Martin Lewis warns 200,000 women could be owed £13,500 pension payout


MARTIN Lewis has warned thousands of women on the “old” pensions system to check whether they’re owed a £13,500 payout.

Up to 200,000 women of retirement age may have been underpaid their state pension after the system failed to automatically give them a pay rise.

Martin Lewis urged viewers to check if they have been affected by the pension error

Last week, the Government finally agreed to repay the estimated £2.7billion worth of arrears after a campaign by This is Money and former pensions minister Sir Steve Webb.

It means on average, women pensioners could be owed a payout of £13,500, although the amount will vary.

Mr Lewis explained to viewers of last night’s The Martin Lewis Money Show that the error, which stretches back 30 years, affects married women and widows aged 67 and older.

Women who retired on small state pensions before April 2016 were supposed to see pension payments go up when their husbands reached retirement age.

Payments should have risen by 60% of their husband’s basic state pension, which was the amount that women with low National Insurance payments got under the old pension system.

Mr Lewis said: “Under the terms, you’ll receive an automatic rebate if your husband was 65 or older on March 17, 2008 and you received no state pension uplift when they passed away.

“However, some people won’t receive automatic payments.

“You will need to claim yourself if you husband turned 65 before March 2008 and you’re being paid less than 60% of the basic state pension.

“You’ll also need to make a claim if you got divorced after retirement and your pension is less than your former husband’s one.”

But there is concern up to 80,000 married women are set to miss out due to a rule change in 2008 that saw payments run automatic.

Before then, women had to apply to get the full sum they were owed, meaning the onus fell on them.

The law currently means they can’t backdate a claim further than 12 months, leaving them out of pocket.

The Department for Work and Pensions (DWP) has promised to correct the historical underpayments and will contact those who are affected.

How did the pension error happen?

The underpayment error happened when an old pension scheme policy, which meant women’s pensions were linked to their husband’s, was changed in 2016.

Currently, we have a system where there’s an old state pension, which is referred to as the basic state pension, and the new state pension.

The old state pension was for those who reached retirement age before April 6, 2016, while the new state pension is for those who reach retirement age after this date – although there is some crossover for people who’ve accrued National Insurance contributions under both systems.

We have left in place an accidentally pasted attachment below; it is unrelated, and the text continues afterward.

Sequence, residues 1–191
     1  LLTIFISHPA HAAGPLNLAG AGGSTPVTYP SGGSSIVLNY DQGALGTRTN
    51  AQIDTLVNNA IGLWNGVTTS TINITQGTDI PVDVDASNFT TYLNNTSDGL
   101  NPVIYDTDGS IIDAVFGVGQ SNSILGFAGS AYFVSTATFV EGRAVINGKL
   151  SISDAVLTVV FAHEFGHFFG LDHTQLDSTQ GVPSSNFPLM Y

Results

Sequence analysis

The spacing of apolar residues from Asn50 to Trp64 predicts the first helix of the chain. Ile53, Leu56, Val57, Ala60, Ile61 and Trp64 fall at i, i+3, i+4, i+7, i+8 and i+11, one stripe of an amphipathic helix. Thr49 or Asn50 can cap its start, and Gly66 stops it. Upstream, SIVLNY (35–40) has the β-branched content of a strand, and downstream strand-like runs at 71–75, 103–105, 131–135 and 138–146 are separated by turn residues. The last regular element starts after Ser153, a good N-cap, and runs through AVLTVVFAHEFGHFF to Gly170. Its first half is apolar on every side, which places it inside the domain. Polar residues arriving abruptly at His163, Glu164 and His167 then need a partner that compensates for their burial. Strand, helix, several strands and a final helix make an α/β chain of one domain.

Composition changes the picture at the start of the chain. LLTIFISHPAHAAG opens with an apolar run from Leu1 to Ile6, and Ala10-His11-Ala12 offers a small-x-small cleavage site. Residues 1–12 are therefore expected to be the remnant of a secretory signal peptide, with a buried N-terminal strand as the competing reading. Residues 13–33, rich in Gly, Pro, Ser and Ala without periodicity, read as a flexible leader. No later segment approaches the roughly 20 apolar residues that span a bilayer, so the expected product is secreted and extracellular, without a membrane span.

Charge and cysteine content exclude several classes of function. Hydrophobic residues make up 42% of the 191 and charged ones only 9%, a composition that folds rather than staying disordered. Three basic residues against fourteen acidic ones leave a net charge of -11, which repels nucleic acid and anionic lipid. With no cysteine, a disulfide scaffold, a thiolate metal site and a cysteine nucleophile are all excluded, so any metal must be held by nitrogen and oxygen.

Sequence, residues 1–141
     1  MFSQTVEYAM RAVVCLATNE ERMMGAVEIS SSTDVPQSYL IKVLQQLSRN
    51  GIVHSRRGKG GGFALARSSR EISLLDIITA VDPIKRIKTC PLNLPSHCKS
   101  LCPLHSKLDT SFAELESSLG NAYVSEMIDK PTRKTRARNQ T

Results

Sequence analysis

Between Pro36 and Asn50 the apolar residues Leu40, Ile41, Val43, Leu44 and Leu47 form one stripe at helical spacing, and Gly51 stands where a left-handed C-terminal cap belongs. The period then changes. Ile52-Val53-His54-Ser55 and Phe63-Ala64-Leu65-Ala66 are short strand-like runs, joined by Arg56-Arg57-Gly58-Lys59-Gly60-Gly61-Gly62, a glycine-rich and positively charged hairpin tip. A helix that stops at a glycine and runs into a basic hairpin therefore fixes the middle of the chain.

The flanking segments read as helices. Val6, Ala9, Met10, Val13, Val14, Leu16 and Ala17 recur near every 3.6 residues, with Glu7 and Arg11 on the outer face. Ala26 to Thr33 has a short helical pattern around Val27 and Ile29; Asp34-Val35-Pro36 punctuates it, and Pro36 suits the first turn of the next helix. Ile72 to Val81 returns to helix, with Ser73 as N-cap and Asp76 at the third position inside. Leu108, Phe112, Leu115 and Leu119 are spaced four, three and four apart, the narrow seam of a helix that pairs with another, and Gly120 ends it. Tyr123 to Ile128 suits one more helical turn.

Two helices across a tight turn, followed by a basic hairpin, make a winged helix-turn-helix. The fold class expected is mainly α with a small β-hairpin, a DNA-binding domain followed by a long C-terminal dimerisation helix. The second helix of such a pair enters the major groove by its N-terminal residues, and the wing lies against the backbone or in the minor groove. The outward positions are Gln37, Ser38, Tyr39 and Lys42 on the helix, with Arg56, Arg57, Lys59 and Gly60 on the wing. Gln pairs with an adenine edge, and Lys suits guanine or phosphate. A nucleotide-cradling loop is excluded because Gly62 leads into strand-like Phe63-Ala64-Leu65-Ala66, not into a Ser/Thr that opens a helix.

It was decided that married women could pay a reduced rate of NI contributions, known as the “married woman’s stamp”.

This meant they were not paying towards their own state pension, but when their husband retired they could get an uplift to 60% of his pension so long as he had a full record of contributions.

Married women who had not paid the stamp but had missed out on making contributions due to staying at home with the kids also qualified for the boost to 60%.

The policy was deemed unfair and was changed in 2016 so women’s pensions were no longer linked to their husband’s.

But campaigner Sir Steve Webb discovered that women who have an old state pension and retired before 2016, have not been getting the increase to 60% — and are due payouts.

The current Pensions Minister Guy Opperman recently explained that it occurred because junior civil servants failed to manually update women’s individual records during past decades.

He said that its IT systems are meant to flag when an individual’s State Pension amount should be increased.

DWP staff would then respond by changing the pension amount manually but in some cases, this did not happen.

Women who became eligible for the 60% boost between 2008 and 2016, should have had all their losses repaid because the Government will have upped their pensions automatically.

But those whose husbands retired before April 2008 had to apply for the extra cash themselves. 

Women in this position who missed out could only get a year of back-dated payments and Sir Steve called on the Government to launch a review into the policy.

He told HOAR: “It is scandalous that so many women have been underpaid for so long.  It is good that the government is finally addressing the issue but it needs to do so much more quickly. 

“Some of those who were underpaid have already died and more will do so before the government gets to the end of this process.  

“It is also shocking that the government plans to stop paying interest on these back payments.  It is not the fault of these women that they have been underpaid and they should not lose out as a result”.

How do I get paid?

If you use the LCP calculator and think you’re eligible for a top-up in either scenario, then the DWP should pick up the error in their own records too.

The DWP started working to fix the problem on January, 11 2021.

A department spokesperson previously told HOAR that a specialist team of around 150 people has been set up to deal with the corrections. 

If you are owed money, you will have to sit tight and wait for the DWP to send you a letter confirming your payment.

The spokesperson said the team is manually working through each case as quickly as they can.

Although they said they could not give a specific time frame of when people should receive their money, it could take years to get through the cases.

They told HOAR: “The action we are taking now will correct the historical underpayments that have been made by successive governments. 

“Anyone impacted will be contacted by us to ensure they receive all that they are owed.”

For more information, you can call the Pension Service.


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